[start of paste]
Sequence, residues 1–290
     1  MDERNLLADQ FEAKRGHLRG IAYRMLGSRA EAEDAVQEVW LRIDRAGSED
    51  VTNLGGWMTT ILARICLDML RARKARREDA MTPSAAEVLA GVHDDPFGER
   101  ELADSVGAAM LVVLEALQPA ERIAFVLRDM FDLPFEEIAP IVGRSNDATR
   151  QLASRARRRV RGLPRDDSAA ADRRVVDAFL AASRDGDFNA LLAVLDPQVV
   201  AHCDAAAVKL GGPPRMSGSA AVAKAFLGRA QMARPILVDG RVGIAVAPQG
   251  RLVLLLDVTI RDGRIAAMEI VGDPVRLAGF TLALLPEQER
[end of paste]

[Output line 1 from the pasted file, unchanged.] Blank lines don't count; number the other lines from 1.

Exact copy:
Sequence, residues 1–290